Sorry to ramble, but sometimes it’s good to just take a deep breath and chill. Barring something TRULY extraordinary (read: NOT this email thing), Clinton will be the 45th Prez. Use some of that nervous energy to donate time and money to downballot races.

    • Shawn Huckaby

      My take is that it only hardens positions. Comey has already said they won’t even analyze the emails until after the election, which of course begs the question, why say anything at all?

      So this reinforces what both sides already thought. Could there be some small impact on the margins where more undecideds go to the ‘a pox on both of your houses’ position and stay home? Maybe, but I doubt it’s significant.

      Intetestingly, Republican activist, and Never Trumper Rick Wilson has been strongly hinting at one more major Trump bombshell that the Clinton team is waiting to release at the most opportune time. https://twitter.com/TheRickWilson/status/792210310572732416?s=09

      We’ll see how it plays out, but I would expect everything cancels out and we end up right at the same trend line.

  • Ed Wittens Cat

    Is Comey’s unsubtle political activism part of the increasing polarization of America?
    eg, dropping a “bombshell” on friday designed to let low information partisans cement falsehoods over the weekend.
    These emails are more nothingburger on observation.
    Same as Wikileaks– if Podesta and DNC got hacked where is Hillary’s hacked server?
    Praps Guccifer/GRU has hacked data, but theres no smoking guns in it– so better to not release it.
    And Wikileaks doesnt hack– only leak other ppls hacks. So who is the source? Is the FBI investigating that?

  • Roger

    Here is a good article, by one of the polling companies explaining why its polls are tightening.

    For that poll at least, and assume others, it is almost completely based on who in the sample are qualifying as likely voting and the reason for the tightening is previously Republicans and Republican leaning independents were somewhat depressed on Trump and therefore measurement in the poll were picking up that attitude causing some of them to be measured as unlikely voters. Now that bad news for Trump has waned, their outlooks are on the rise and therefore getting picked up as likely voters again.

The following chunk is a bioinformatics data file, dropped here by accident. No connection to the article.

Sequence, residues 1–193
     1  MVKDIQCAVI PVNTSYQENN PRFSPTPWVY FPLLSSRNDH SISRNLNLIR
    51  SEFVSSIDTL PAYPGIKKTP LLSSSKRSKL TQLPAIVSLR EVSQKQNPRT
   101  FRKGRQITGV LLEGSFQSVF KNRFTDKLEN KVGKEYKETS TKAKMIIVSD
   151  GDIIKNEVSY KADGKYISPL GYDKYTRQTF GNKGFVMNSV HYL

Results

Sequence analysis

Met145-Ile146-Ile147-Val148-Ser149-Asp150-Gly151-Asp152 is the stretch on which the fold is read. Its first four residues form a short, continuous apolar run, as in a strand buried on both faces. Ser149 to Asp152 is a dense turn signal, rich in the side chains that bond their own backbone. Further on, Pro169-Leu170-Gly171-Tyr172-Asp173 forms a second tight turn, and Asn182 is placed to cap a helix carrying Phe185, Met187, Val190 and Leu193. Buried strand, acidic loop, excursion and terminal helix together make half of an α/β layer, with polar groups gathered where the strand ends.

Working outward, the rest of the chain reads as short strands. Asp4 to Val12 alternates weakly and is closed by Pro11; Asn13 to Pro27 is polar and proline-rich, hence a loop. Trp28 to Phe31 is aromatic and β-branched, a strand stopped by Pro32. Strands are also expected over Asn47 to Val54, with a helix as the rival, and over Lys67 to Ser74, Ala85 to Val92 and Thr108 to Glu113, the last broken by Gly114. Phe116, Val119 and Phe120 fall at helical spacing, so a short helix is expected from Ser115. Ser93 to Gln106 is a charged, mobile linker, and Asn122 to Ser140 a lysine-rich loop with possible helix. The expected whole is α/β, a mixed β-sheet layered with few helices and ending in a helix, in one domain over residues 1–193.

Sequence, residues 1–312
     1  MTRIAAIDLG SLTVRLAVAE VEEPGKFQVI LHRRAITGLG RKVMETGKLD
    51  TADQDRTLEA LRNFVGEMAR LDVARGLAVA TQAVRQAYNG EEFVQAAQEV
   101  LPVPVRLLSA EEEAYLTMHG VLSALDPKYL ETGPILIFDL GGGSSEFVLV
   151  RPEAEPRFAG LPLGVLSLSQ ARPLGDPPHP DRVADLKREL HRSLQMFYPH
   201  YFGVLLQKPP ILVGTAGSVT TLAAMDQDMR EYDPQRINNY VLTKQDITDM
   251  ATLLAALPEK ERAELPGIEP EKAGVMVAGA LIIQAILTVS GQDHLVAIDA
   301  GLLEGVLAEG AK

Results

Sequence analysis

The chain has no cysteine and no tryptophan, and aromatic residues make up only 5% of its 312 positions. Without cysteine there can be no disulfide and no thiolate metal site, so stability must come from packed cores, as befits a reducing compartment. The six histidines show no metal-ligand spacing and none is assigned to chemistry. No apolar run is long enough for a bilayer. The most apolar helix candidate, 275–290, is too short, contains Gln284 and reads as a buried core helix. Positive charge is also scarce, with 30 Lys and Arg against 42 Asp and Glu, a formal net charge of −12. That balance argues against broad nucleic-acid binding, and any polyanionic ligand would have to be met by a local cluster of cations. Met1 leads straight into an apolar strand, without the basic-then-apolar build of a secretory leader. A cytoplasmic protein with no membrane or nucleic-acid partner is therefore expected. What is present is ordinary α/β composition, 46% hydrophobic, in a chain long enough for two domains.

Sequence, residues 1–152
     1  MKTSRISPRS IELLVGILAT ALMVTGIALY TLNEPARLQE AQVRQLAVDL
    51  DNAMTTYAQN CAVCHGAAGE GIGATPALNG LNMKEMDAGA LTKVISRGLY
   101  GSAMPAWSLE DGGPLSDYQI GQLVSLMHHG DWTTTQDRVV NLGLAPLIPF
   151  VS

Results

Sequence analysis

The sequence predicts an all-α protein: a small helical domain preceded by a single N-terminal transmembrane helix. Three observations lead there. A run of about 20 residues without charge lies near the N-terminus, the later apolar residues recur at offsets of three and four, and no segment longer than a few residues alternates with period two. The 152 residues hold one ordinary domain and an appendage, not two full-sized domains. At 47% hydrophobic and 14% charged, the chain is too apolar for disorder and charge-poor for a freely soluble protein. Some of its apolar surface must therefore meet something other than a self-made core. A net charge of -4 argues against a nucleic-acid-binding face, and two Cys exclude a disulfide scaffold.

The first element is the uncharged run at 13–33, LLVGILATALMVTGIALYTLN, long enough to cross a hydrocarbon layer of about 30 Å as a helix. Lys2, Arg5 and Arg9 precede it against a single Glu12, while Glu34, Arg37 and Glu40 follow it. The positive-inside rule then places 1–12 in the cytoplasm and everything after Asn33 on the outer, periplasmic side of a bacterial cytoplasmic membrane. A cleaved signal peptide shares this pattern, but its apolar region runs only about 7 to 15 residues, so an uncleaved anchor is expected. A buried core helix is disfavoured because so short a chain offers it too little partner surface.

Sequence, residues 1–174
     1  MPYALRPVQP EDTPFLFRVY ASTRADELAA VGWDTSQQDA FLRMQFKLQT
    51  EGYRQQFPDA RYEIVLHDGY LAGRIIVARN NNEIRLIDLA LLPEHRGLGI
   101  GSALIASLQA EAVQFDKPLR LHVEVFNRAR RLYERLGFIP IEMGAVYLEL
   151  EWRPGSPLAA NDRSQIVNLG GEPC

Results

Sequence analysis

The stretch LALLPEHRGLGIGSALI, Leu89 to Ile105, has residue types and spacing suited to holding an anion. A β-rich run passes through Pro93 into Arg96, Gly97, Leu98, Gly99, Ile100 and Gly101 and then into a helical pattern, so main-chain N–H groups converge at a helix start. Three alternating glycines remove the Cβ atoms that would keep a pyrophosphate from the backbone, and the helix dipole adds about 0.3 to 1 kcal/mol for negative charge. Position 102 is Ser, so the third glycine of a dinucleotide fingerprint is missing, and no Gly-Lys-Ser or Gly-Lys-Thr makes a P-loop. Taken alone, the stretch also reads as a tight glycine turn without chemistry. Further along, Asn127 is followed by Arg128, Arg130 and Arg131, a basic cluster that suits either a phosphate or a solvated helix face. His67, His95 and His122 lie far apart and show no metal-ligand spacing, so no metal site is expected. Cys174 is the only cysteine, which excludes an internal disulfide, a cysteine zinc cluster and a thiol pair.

• Elizabeth

    Sam, sorry, I am one of those people fixated on the daily update. I am NOT complacent even after seeing your predictions, I am still terrified. But looking at that map keeps me off the Xanax.

    I am driven crazy by various Facebook groups who keep insinuating that the election is in the bag. We all need to go out and vote, because “It isn’t ovah till it’s OVAH!”

    • Sam Wang

      Nobody said you shouldn’t vote! Make sure to leave time for doing what you can in swing districts and Senate races.

    • Elizabeth

      There are 3 Democratic voters at my house this year. My timing was bad when I had my kids–like her sister, my younger one will have to wait till 2020 to vote in her first presidential election. I just hope that will be a less scary election!
      And I also hope that here in Virginia the blue trend will move towards our state government, which is still dominated by “The South Won the War” types. (!)

  • Barb

    I know we can be annoying, but please hold us, Sam. We’re so scared.

  • abe the scared dem

    sorry but going to ask even if this comment gets deleted, how do you think this email story will affect the outcome

    • Sam Wang

      It won’t affect anything. It’s a great example of how emotional the race is this year – but from a polling standpoint, it’s been an unchanging race. Why would some new addition to the oldest story of the campaign do anything at this point?

    • Matt McIrvin

      I can see it having some effect just by putting the old story top-of-mind.

      The last time Comey made a big splash, it looks like it was worth about one point of Meta-Margin and 20 electoral votes–it’s the little drop back in the middle of the summer. Now, on the one hand, a lot of people weren’t paying attention to the campaign then. On the other hand, people’s minds are more made up now. So, worst-case, I figure this could be comparable to that.

    • Matt McIrvin

      …though there were some other stories around the same time that put crime and terrorism in the news (the Dallas shooting and the Nice terrorist attack), so the effect of the Comey presser may be hard to separate out from those.

    • Ruth Rothschild

      Sam,
      Re: how the national House race is trending: The latest HuffPost national House poll shows that the national race is trending toward Democrats (46% to 41%). Yet, other polls show the race trending toward a Republican majority. And, it seems that in one of your articles at this site about the down-ballot races, you had indicated that the national House race is trending toward Republicans. Do you know what meta-analysis Huffpost uses compared to what you use that would show this disparity?